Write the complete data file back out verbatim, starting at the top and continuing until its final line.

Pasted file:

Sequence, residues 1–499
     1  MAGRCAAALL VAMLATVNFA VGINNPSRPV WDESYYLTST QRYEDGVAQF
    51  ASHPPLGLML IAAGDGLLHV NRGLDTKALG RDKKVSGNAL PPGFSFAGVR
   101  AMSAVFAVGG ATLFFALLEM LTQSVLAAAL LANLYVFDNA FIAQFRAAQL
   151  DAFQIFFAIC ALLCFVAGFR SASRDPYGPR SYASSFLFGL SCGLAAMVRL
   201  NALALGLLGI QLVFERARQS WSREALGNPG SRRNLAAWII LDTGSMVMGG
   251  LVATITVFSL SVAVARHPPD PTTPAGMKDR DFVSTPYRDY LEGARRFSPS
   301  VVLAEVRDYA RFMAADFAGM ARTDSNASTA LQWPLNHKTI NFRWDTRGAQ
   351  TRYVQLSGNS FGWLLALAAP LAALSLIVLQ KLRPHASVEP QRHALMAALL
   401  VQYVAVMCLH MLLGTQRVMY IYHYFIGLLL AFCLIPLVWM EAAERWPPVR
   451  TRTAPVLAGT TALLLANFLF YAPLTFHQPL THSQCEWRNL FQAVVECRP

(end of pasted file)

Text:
Sequence, residues 1–499
     1  MAGRCAAALL VAMLATVNFA VGINNPSRPV WDESYYLTST QRYEDGVAQF
    51  ASHPPLGLML IAAGDGLLHV NRGLDTKALG RDKKVSGNAL PPGFSFAGVR
   101  AMSAVFAVGG ATLFFALLEM LTQSVLAAAL LANLYVFDNA FIAQFRAAQL
   151  DAFQIFFAIC ALLCFVAGFR SASRDPYGPR SYASSFLFGL SCGLAAMVRL
   201  NALALGLLGI QLVFERARQS WSREALGNPG SRRNLAAWII LDTGSMVMGG
   251  LVATITVFSL SVAVARHPPD PTTPAGMKDR DFVSTPYRDY LEGARRFSPS
   301  VVLAEVRDYA RFMAADFAGM ARTDSNASTA LQWPLNHKTI NFRWDTRGAQ
   351  TRYVQLSGNS FGWLLALAAP LAALSLIVLQ KLRPHASVEP QRHALMAALL
   401  VQYVAVMCLH MLLGTQRVMY IYHYFIGLLL AFCLIPLVWM EAAERWPPVR
   451  TRTAPVLAGT TALLLANFLF YAPLTFHQPL THSQCEWRNL FQAVVECRP